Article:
Jason Roy described his century in Cardiff as "probably my favourite" after he paved the way for England's victory in the second ODI against Australia. Roy's 120 off 108 balls was his third highest score in the 50-over format and was a welcome return to the scoresheet for the opener after his second-ball duck at the Oval.
It was a mature display from Roy, who said he was particularly happy with the way he had paced his innings and changed through the gears.
"I had a long discussion with Thorpey [Graham Thorpe] after I got out and just said it was probably my favourite innings as far as how my tempo was throughout the innings," said Roy. "Just the way I knuckled down early, it was quite difficult and I went through some difficult patches but then came out the other side.
"Obviously I wanted to start expanding my game but unfortunately I got out. But I was still happy nonetheless.
"It was a big aim for me to come after a long winter and to start well on home soil. Obviously we had the hiccup against Scotland and then the first game I was a bit panicky, a bit wary, of where my game's at, but I put in a lot of hard work over the past few days and got a few rewards today."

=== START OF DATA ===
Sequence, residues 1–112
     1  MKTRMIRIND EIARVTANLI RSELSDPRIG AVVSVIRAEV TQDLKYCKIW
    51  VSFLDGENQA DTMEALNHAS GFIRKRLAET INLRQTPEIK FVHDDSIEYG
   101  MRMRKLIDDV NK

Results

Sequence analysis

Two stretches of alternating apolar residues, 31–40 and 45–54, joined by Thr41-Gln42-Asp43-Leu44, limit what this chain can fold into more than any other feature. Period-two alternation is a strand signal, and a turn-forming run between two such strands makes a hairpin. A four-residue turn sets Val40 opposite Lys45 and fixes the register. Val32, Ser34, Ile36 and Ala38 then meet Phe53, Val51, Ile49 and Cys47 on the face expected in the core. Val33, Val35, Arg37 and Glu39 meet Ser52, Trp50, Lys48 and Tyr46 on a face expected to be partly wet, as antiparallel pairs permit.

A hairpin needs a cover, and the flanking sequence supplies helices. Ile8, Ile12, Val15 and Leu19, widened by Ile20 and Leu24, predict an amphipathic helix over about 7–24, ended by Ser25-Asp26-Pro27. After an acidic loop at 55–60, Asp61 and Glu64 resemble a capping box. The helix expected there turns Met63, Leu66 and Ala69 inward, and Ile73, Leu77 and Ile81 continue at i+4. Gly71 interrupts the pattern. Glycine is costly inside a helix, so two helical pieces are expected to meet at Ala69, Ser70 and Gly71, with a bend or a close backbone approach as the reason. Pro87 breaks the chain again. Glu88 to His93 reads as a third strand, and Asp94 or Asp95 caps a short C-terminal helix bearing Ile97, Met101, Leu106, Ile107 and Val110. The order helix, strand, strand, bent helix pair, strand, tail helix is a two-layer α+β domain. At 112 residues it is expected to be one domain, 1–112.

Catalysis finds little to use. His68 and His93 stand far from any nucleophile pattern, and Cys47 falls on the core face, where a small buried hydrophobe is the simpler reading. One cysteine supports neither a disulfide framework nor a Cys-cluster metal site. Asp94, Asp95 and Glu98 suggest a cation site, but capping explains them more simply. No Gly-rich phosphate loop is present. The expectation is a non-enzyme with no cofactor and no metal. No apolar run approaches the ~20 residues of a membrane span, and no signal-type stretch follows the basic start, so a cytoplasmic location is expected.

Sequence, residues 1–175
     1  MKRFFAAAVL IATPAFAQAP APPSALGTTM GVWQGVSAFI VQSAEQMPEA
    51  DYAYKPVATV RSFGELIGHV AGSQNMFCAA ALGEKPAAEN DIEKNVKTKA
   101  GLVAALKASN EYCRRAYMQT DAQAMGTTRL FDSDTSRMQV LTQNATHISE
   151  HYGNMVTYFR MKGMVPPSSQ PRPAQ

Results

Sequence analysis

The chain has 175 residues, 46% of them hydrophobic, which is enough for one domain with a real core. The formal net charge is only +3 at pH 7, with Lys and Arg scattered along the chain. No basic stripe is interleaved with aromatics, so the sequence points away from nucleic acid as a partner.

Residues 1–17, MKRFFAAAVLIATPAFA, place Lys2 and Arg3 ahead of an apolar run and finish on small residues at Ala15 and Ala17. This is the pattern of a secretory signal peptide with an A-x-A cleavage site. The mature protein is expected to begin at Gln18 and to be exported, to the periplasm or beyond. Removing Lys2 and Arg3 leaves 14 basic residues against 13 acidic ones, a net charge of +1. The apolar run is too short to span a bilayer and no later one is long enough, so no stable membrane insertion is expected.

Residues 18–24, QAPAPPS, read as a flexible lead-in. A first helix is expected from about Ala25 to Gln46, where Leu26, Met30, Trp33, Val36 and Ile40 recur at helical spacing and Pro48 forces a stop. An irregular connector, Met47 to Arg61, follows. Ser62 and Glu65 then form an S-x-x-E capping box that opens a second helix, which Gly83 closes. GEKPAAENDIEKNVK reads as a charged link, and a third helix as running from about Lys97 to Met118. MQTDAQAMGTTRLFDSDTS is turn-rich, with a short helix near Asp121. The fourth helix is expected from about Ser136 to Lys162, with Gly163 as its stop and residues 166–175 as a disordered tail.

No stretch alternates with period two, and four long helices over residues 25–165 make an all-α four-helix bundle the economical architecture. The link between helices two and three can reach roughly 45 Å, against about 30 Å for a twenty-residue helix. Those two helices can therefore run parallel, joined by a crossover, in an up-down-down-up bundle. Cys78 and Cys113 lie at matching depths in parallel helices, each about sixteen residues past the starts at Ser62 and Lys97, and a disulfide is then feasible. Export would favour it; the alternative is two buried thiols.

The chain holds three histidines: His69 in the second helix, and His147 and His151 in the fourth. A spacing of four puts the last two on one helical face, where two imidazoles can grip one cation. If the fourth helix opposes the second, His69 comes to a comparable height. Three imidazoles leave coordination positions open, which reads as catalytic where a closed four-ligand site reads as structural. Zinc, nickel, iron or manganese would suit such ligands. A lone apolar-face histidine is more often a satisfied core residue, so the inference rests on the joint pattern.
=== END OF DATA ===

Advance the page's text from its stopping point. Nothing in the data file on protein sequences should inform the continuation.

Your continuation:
Shaun Marsh's swashbuckling century had given Australia an outside chance of successfully completing their highest-ever run-chase but, once he was bowled by Liam Plunkett, England were able to clean up the tail.
"I guess it's bittersweet," said Marsh. "It's nice to get a few runs but, yeah, I was obviously disappointed with the result. We couldn't quite finish it off at the end there.
"It's obviously a disappointment for us. We felt like we were in the game right until the end but unfortunately we just weren't good enough today. We'll have to be better in a few days' time."
Marsh said he believed Australia will go into the third ODI with the same batting line-up used in Cardiff. D'Arcy Short was brought in to open with Travis Head, while Aaron Finch was dropped down the order to bat at No. 5. Without David Warner and Steve Smith in the side, this tour has very much been an exercise in experimentation as Australia try to settle on their best combination.
"I think it was about the balance today," said Marsh. "Putting Finchy in the middle order was trying to strengthen the middle order a bit more with the experience that he's got. I'm not sure what they'll do for the next game. I think they'll stay the same."